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EARLY AMERICAN PHYSICAL EDUCATION AND SPORT. Sport was closely aligned with social, spiritual, and economic aspects of life Gambling was widespread Sports played varied by tribe. NATIVE AMERICANS SPORTS. Baggataway (lacrosse) Shinny (hockey) Double-ball (field hockey) Footraces Archery - PowerPoint PPT Presentation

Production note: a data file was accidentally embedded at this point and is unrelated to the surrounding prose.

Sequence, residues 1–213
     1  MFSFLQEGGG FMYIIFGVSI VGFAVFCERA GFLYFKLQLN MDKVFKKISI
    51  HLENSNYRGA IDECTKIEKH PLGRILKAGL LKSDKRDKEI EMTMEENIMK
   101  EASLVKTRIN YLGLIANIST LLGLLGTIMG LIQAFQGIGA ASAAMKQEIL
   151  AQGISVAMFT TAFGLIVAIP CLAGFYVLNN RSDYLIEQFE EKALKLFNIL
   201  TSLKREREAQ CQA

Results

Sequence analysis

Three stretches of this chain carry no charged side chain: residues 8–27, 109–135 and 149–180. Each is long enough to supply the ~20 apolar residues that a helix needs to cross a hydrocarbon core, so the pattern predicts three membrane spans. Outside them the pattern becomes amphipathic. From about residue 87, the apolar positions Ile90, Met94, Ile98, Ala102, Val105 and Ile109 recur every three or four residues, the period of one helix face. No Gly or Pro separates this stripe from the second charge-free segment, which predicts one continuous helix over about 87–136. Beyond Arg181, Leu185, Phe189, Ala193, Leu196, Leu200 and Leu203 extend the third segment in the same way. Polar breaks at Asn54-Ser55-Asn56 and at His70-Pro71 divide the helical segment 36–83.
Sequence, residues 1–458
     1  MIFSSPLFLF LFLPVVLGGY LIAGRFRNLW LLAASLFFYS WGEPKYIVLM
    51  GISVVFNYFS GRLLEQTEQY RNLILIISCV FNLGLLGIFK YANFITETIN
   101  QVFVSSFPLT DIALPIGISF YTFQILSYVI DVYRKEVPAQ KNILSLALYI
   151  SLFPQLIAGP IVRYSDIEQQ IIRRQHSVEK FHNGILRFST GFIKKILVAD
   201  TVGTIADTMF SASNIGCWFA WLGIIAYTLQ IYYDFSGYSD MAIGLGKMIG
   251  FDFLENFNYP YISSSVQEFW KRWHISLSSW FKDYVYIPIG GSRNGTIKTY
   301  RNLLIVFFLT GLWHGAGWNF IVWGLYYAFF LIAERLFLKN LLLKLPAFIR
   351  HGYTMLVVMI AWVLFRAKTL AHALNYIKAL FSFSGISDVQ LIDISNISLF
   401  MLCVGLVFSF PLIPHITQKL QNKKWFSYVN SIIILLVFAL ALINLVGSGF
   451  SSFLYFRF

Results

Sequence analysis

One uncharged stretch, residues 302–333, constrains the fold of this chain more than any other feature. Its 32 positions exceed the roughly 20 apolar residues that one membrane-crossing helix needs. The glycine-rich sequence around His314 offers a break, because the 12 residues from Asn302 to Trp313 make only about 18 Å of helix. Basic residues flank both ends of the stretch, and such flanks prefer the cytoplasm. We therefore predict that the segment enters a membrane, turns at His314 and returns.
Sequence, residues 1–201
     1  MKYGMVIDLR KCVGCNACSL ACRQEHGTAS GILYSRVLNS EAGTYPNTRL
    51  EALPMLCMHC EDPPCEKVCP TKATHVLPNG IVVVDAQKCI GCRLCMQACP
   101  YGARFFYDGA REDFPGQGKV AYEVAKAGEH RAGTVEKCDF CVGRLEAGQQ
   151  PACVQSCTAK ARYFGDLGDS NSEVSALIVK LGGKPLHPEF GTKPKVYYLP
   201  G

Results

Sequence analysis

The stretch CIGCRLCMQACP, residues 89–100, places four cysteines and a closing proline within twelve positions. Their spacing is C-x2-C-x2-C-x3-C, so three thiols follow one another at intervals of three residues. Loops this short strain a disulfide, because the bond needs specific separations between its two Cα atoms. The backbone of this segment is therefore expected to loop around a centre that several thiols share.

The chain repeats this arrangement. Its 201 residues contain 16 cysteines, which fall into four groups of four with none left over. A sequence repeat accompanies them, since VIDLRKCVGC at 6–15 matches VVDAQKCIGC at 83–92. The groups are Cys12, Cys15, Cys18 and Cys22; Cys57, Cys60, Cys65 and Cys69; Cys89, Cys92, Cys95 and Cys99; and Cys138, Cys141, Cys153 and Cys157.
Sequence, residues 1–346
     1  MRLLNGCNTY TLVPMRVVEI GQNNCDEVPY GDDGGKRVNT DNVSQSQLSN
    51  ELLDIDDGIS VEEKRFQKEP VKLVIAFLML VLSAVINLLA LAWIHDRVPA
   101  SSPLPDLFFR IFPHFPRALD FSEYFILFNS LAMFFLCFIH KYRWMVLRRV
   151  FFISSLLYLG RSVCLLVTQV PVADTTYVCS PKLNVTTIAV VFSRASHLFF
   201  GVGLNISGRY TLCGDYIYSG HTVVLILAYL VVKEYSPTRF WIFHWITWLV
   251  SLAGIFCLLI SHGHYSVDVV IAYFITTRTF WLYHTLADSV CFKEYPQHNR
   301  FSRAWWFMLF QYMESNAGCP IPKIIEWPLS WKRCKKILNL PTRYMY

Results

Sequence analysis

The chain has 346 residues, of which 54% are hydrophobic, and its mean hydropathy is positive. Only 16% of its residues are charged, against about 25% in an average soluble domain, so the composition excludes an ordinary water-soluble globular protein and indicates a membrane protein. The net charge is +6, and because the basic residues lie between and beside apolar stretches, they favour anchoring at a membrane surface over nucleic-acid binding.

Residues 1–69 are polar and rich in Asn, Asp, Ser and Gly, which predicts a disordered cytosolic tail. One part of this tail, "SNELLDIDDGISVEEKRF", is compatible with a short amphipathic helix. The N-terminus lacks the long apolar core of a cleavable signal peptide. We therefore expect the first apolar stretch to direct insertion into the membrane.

<ul><li><p>EARLY AMERICAN PHYSICAL EDUCATION AND SPORT</p></li><li><p>NATIVE AMERICANS SPORTSSport was closely aligned with social, spiritual, and economic aspects of lifeGambling was widespreadSports played varied by tribe</p></li><li><p>Baggataway (lacrosse)Shinny (hockey)Double-ball (field hockey)FootracesArcherySwimmingFishingCanoeing</p></li><li><p>PHYSICAL ACTIVITIES IN THE COLONIES Early settlerssurvived with hunting, fishing, and work-related recreationPuritansforbid frivolous activitiesDutchbowling; sleighing; horse racingVirginiansfox hunting; horse racing; hawking; cockfightingBritish influencerounders; cricket; boxing; track and field </p></li><li><p>EARLY AMERICAN PHYSICAL EDUCATIONIntroduction of German gymnastics1823-1833Round Hill SchoolJoseph Cogswell and George BancroftDaily sports and gymnastics1825-1830Charles Beckturner and friend of Friedrich JahnEstablished an outdoor gymnastics areaTranslated Jahn's book</p></li><li><p>EARLY AMERICAN PHYSICAL EDUCATIONCharles Follenturner and pupil of Jahn'sEstablished gymnasium in Boston in 1826Taught the first German gymnastics at Harvard in 1826Francis Lieberpupil of Jahn and a turnerDirected the Boston gymnasium in 1827Started a pool in Boston in 1827</p></li><li><p>GERMAN GYMNASTICSIn the late 1820s and 1830s, decline of interest in German gymnastics Round Hill School closed; Follen, Lieber, and Beck went into other jobsNewness wore offToo much emphasis on nationalism and strengthOnly German teachersRevival of German gymnastics in the 1850s when immigrants moved to the Midwest186022 turnvereins; 1,672 members</p></li><li><p>Turnvereins</p></li><li><p>CATHARINE BEECHERDirector of the Hartford Seminary for Girls (1824) and the founder of the Western Female Institute (1837)Calisthenicsa course of exercises designed to promote health and thus to secure beauty and strength (30 min a day)No special room or apparatusFor the whole family, but especially for womendiagrams of how to execute exercises</p></li><li><p>CATHARINE BEECHERPrinciples from Per Henrik Ling's Swedish gymnasticsHer program was probably the first system adapted to the needs of AmericansShe was one of the first to actively struggle to establish physical education as a part of the school curriculum on a daily basis</p></li><li><p>DIOCLESION LEWIS Light gymnastics or exercises with wands, rings, bean-bags, dumbbells, and Indian clubs along with musicteacher directed exercisesBorrowed ideas from Catharine Beecher and Per Henrik Ling (Swedish)1861-1868He founded: Normal Institute for Physical Education in Bostonfirst teacher training school for physical education in America</p></li><li><p>SWEDISH GYMNASTICSHartvig NissenNorwegianIn 1883 came to Washington, D.C. and taught Swedish gymnasticsTaught at Harvard Summer School, Sargent Normal School, and Posse-Nissen School</p></li><li><p>SWEDISH GYMNASTICSBaron Nils PosseGraduated from the Royal Gymnastics Central Institute in SwedenCame to Boston in 1885Taught at the Boston Normal School of Gymnastics (1889-1890)Established the Posse Normal School in 1890</p></li><li><p>Field Hockey 1906</p></li><li><p>BOSTON NORMAL SCHOOL OF GYMNASTICS 1889Founded by Mary HemenwayDirected by Amy Morris HomansBaron Posse was the first teacherPurpose was to train teachers in Swedish gymnasticsMoved to Wellesley College as the Department of Hygiene and Physical Education in 1909</p></li><li><p>Amy Morris Homans (1848-1933)Founded the Association of Directors of Physical Education for woman (1915)</p></li><li><p>BOSTON CONFERENCE ON PHYSICAL TRAINING 1889Purpose was "to bring to the attention of the general public and the leaders in the field the Swedish system."Speakers also for the German system, the Sargent system, and Hitchcock's program</p></li><li><p>EDWARD HITCHCOCK (1861-1911) Anthropometricsfind the average, ideal college male using age, weight, height, chest girth, arm girth, forearm girth, lung capacity, and pull-ups</p></li><li><p>EDWARD HITCHCOCKProgram had an emphasis on health (AMHERST)Required 30-minute class four times per week for all students20 minutes for light gymnastics and marching as a class10 minutes for individual apparatus work or sports</p></li><li><p>DUDLEY SARGENT (1879-1919)Apparatuschest weights; chest pulleys; chest developers; leg machines, and rowing machines used in individualized programs</p></li><li><p>DUDLEY SARGENTHARVARDAnthropometricsto find the ideal student, but mostly to establish individualized goals and programs for each student No Swedish or German gymnasticsSports, such as boxing, rowing, and baseball, were promoted</p></li><li><p>DUDLEY SARGENTSargent Normal School1881initially taught women at Harvard Annex and later founded a teacher training school for physical education Harvard Summer School (1887-1932)advanced teacher training program</p></li><li><p>DELPHINE HANNA OBERLIN (1885-1920)1903First woman professor of physical educationAnthropometrics of college womenInstructed Luther Gulick, Thomas Wood, Jay Nash, and Jesse Williams</p></li><li><p>WILLIAM ANDERSON Chautauqua Summer School of Physical Education (1886-1930s)Brooklyn (Anderson) Normal School (1886-1953)</p></li><li><p>ASSOCIATION FOR THE ADVANCEMENT OF PHYSICAL EDUCATION 1885Founded by William AndersonMajor issues between 1885-1900AnthropometricsBattle of the Systems</p></li><li><p> BATTLE OF THE SYSTEMSSYSTEMPURPOSEGerman gymnasticsDeveloped individual abilities and healthy, strong youth for war or emergencies using apparatus Swedish gymnasticsPromoted health, correct expression, and beauty of performance using exact movement patterns</p><p>Hitchcocks system Emphasized health through required exercises with light apparatus</p><p>Sargents system Advocated hygienic, educative, recreative, and remedial aims through individualized exercises on apparatus</p><p>Association gymnastics Contributed to the development of the all-around man</p></li><li><p>EARLIER NAMES1885 Association for the Advancement of Physical Education1886 American Association for the Advancement of Physical Education 1903 American Physical Education Association1937 American Association for Health and Physical Education 1938 American Association for Health, Physical Education and Recreation 1974 American Association for Health, Physical Education, Recreation and Dance1979 American Alliance for Health, Physical Education, Recreation and Dance </p></li><li><p>YOUNG MENS CHRISTIAN ASSOCIATION AND YOUNG WOMENS CHRISTIAN ASSOCIATION YMCA founded in 1844 in England by George WilliamsYMCA founded in 1851 in BostonYWCA founded in 1866 in Boston by Mrs. Henry Durant</p></li><li><p>YMCA AND YWCA1885YMCA Training School in Springfieldto train YMCA directorsPurposes of the YMCAto develop the all-around man (intellectual, physical, and spiritual)Central School of Hygiene and Physical Education was the YWCA training school</p></li><li><p>PROFESSIONAL PUBLICATIONS1896-1903 American Physical Education Review1903-1930 APEA Review1930-1938 Journal of Health and Physical Education 1938-1974 Journal of Health, Physical Education and Recreation1975-1981 Journal of Physical Education and Recreation1981-presentJournal of Physical Education, Recreation and Dance</p></li><li><p>PROFESSIONAL PUBLICATIONS1930-1979Research Quarterly1980-presentResearch Quarterly for Exercise and Sport 1940-presentThe Physical Educator Phi Epsilon Kappa1963-present Quest NAPEHE1892-1896Physical Educator1901-1928Journal of Physical Training YMCA</p></li><li><p>DEVELOPMENT OF AMATEUR SPORTS1868New York Athletic Club founded1888Amateur Athletic Union started (AAU)1852First intercollegiate sport for men (Harvard and Yale in rowing)1859First intercollegiate baseball game</p></li><li><p>DEVELOPMENT OF AMATEUR SPORTS1869First intercollegiate football game1896First intercollegiate sport for women in basketball </p></li></ul>